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Understanding poverty


Within the Sustainable Development Goals (SDGs) the eradication of extreme poverty remains a central objective of international development efforts.

As with the Millennium Development Goals before them, the SDGs recognise that poverty has multiple dimensions and that progress is needed on a number of fronts (economic, social and political) if poverty is to be effectively tackled. Government departments, international development agencies and non-governmental organisations (NGOs) are thus expected to design policies and to plan interventions with a clear understanding of how these will contribute to poverty reduction objectives in the areas concerned.

This module is aimed at development practitioners – from government departments, international development agencies, NGOs or private business – who are involved in the design of policy or interventions to combat poverty in low- or middle-income countries. It aims to provide a sound understanding of the nature of poverty, its causes and consequences, of trends in poverty reduction across continents and regions of the world, and of debates as to the drivers of these trends.

Topics covered

  • Poverty and social norms
  • Money-metric measures of poverty
  • Multi-dimensional poverty measures
  • Poverty and economic development
  • Growth, inequality and poverty
  • Poverty dynamics
  • Social differentiation and poverty: conceptual frameworks
  • Social differentiation and poverty: gender, age and disability
  • Poverty and the environment
  • Power, politics and governance
  • Trends in monetary poverty and hunger
  • Urban poverty
  • Explaining trends in capability poverty
  • Aid and poverty reduction
  • The sustainable development goals.

Learning outcomes

By completing this module, you will be able to:

  • Demonstrate a rigorous and critical understanding of key concepts used in international poverty debates. This includes practical issues of measurement as well as definition.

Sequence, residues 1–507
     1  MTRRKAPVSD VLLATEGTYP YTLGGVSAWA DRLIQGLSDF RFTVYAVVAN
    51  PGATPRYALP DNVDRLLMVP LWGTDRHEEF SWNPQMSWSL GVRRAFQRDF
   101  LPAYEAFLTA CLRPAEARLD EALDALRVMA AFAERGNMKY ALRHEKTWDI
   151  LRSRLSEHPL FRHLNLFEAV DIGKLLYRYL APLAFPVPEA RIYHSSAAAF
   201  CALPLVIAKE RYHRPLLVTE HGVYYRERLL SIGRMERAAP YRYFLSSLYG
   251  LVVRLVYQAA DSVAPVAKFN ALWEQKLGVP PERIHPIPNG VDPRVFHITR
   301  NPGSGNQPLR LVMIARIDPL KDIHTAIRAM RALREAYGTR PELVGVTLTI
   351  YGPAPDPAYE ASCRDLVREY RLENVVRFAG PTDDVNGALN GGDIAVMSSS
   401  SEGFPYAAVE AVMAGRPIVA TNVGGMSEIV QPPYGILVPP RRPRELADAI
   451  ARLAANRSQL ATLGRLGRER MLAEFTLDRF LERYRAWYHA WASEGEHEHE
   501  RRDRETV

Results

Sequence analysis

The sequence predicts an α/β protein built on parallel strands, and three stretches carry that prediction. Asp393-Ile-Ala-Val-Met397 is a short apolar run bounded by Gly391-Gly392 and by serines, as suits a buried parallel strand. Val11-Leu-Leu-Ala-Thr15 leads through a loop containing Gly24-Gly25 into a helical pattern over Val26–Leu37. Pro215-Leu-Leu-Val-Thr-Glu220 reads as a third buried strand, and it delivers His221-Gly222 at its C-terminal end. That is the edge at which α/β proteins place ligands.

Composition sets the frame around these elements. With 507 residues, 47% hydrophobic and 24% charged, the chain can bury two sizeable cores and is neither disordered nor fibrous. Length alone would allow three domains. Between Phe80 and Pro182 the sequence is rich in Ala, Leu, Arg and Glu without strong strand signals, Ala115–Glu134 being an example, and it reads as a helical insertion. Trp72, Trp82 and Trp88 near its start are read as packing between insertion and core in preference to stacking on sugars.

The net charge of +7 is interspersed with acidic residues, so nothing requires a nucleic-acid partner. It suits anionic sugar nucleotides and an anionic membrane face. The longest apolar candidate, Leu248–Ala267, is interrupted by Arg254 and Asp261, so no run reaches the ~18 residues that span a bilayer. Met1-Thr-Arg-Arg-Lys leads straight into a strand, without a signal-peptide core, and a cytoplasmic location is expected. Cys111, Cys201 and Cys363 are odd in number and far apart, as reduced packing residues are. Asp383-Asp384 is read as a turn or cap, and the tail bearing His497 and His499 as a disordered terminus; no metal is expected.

• Analyse both the proximate and deeper factors that trap people in poverty or assist them to escape poverty.
  • Critically assess the impact of international interventions and initiatives, such as international development assistance and the SDGs, on efforts to eradicate poverty.
  • Critically examine trends in poverty reduction in low and middle income countries, as shown by alternative poverty measures.
  • Critically examine international paradigms and architecture for poverty reduction policies.


  • a two-hour written examination worth 50%
  • a 3000-word written assignment worth 40%
  • a series of online seminar discussions worth 10%.

Essential reading

A sample of essential reading:

  • Collier, P. (2007) The Bottom Billion. Oxford, Oxford University Press.
  • Ruggeri Laderchi, C., Saith, R. & Stewart, F. (2003) Does it matter that we do not agree on the definition of poverty? A comparison of four approaches. Oxford Development Studies, 31 (3), 243–274.
  • Alkire, S. & Santos, M. (2010) Acute Multidimensional Poverty: A New Index for Developing Countries. Queen Elizabeth House, University of Oxford. OPHI Working Paper, pp. 6–26, 30–35.
  • Bourguignon, F. (2004) The poverty-growth-inequality triangle. Presented at the Indian Council for Research on International Economic Relations. 4 February 2004, New Delhi. pp. 1–26.